We know that
Google is very interested in the future of HTML5 and to prove it, they launched a new product in Google Labs this week called Swiffy. The service, as it stands, allows you to upload an Adobe Flash file and convert it into HTML5.
The positive of the service is that it allows you to take an existing Flash application and create something that can be used on an iPhone without having to recode everything from scratch. The downfall, however is that the code only works in webkit browsers. For most mobile phones, that is no problem, but it does create a major problem for most of the users of computers.
How does this affect regular computer users? Hit the break to find out.
As we see Microsoft starting to center itself around the Xbox brand and make all of their products link to and from each other, we learned last week of
Xbox Live popping up in Windows 8. At E3, we also saw the Xbox gaining the search functionality of Bing. This week, Microsoft announced it was merging another one of their products, Games for Windows.
Games for Windows Marketplace will fully transition over to Xbox.com. Now you can get all of your gaming needs in one place. It's convenient, it's concentrated, and it's a whole lot of great games.
It makes sense that two gaming services be merged into the more popular one. One place for all things gaming.
The Path to gaming starts at Xbox.com now. I see where they're going with this, and hopefully soon everyone else will, too.
Not everyone is in support of this change though, and we have users' comments after the break.
IBM claims to be building a smarter planet. One way they are trying to accomplish this is through memory development. Now, they aren't doing crossword puzzles; instead they are developing new memory technology for electronics. The new chipset, developed by IBM, allows for writing at 100 times that of current flash memory chips.
If this chipset can really do what IBM says it can, it will change the way computing happens. It is small enough, fast enough and has the capacity to become a universal memory of sorts. This phase-changing memory used as a universal memory could allow for computers to boot almost instantly right back to where they were when shut down. It allows for large data storage for long periods of time without the need for large spinning magnetic platters.
When might we see this technology? Hit the break to find out.
Normally when I write about Google, it is to talk about a terrible decision the company has made about their Android product, or a product launch gone terribly wrong. It isn't often I write to congratulate them on something they have done. This will be one of those times I break convention.
Google has always had a very firm, open policy on hiring. They believe that a good mix of people is the best way to get a good mix of ideas. Because of this, they openly encourage LGBT candidates to apply and encourage their employees to be themselves. In addition, they also support LGBT causes, most recently at Pride last weekend in NYC.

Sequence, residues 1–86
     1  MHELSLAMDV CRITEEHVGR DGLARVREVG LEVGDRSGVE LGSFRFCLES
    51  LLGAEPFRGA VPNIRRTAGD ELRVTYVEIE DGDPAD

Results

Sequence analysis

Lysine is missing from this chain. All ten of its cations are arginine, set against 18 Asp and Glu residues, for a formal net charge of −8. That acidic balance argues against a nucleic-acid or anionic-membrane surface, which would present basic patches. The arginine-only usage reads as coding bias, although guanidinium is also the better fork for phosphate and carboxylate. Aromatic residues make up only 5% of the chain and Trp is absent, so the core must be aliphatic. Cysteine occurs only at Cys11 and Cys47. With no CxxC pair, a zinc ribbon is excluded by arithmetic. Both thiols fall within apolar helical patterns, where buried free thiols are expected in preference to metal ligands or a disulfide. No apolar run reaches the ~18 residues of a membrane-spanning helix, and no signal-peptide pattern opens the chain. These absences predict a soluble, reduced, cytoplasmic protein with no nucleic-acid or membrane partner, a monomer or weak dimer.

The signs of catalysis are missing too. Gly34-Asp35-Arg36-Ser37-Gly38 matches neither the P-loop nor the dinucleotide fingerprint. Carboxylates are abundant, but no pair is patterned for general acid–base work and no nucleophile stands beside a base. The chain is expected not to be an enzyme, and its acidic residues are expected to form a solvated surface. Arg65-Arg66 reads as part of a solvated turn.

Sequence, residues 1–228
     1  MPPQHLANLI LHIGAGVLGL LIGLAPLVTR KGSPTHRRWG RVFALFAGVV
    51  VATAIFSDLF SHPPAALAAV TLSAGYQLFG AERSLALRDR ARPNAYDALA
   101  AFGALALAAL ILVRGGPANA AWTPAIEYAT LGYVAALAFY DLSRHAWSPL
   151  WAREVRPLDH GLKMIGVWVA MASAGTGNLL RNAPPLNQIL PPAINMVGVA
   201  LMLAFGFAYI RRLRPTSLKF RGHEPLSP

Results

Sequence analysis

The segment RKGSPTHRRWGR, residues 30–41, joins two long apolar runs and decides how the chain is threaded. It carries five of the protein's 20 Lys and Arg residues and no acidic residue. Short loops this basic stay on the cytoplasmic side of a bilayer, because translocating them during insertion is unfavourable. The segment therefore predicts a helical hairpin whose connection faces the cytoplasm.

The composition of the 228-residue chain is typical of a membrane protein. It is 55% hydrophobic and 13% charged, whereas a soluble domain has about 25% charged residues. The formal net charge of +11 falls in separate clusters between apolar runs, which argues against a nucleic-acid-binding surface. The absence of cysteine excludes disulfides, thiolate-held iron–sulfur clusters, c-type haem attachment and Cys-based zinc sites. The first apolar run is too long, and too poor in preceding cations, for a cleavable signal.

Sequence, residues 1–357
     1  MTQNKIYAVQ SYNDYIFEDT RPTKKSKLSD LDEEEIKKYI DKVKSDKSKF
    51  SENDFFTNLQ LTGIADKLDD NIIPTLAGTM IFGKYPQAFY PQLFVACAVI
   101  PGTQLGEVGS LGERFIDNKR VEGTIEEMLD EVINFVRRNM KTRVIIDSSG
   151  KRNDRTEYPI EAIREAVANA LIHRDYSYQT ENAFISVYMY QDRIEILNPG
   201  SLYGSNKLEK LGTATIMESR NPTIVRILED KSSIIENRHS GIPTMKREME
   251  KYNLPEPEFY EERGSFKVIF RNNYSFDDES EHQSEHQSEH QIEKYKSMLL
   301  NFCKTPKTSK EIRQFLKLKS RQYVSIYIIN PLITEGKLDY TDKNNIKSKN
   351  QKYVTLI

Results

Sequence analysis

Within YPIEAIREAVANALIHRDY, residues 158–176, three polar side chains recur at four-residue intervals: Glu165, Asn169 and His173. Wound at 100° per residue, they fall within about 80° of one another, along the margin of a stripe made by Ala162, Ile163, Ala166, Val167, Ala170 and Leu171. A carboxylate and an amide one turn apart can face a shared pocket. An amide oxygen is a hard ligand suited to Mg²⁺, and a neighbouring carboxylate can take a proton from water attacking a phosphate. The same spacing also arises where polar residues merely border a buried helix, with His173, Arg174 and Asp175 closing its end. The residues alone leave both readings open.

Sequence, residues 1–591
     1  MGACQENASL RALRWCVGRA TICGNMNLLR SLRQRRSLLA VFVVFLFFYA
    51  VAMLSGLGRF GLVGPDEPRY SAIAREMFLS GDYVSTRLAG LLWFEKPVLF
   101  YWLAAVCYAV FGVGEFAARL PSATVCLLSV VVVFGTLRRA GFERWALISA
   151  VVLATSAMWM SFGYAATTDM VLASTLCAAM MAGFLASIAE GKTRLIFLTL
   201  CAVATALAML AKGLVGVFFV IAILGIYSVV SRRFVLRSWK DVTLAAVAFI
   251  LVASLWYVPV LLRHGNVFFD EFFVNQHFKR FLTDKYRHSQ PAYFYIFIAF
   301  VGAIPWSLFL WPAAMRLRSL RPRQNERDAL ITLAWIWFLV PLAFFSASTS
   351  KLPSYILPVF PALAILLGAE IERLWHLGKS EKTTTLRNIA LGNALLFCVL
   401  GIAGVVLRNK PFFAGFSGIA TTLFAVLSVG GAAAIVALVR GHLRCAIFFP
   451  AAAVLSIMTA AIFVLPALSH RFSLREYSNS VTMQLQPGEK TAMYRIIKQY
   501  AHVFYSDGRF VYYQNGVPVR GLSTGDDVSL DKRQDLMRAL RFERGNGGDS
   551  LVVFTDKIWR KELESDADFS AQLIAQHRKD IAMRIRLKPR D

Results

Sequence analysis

What did they do and what does the image have to do with it? Hit the break to find out.
We have talked in the past about what some people might do to get an iPhone, such as
selling a kidney on the Internet. Well, it turns out that a kidney is worth a lot more than we expected. In fact, it is worth about the same as the virginity of a teenage girl.
Instead of a Chinese boy and a kidney, this time we have a Chinese girl who has offered her virginity in exchange for an iPhone 4. While the boy found a broker to sell his kidney, the girl took to a Twitter-like service in China, called Weibo, looking for sex. She says that her dream is to own an iPhone 4 but her father refuses to purchase one for her.
There are a couple of possible situations here. First, it's possible that a friend or hacker has gained access to her account and is playing a really weird prank on her. Second, Apple's marketing has finally affected the morality of the population as a whole instead of just those who work for the company. The most likely situation, however, is that the Chinese media blackout has prevented this girl from knowing an iPhone 5 (or iPhone 4s) is right around the corner and she should just wait a few months.
In an age where young kids are growing up in a world of technology, they are hanging up your calls to your brother, ordering pay-per-view movies on your TV, disconnecting your phone from its Touchstone charger and running rampant on your tablet PC. (Side note: With a 16-month old running around my own house, I have never experienced any of these things personally...)
The good news is that developers are picking up on these trends and are creating apps to go on your devices. The bad news with apps on grown-up products is that the kids can still get into stuff they shouldn't and can sometime cause severe problems for your laptop, or a $99 charge on your TV bill.
LeapFrog wants to change all of that. With more and more kid-based Apple apps, LeapFrog is taking it in a whole new direction with the LeapPad Explorer. Sure we've seen baby computers and things like that before, and LeapFrog has some of those products already on the market, but this is a full-on tablet for kids ages 4-9.
We have details on the product after the break.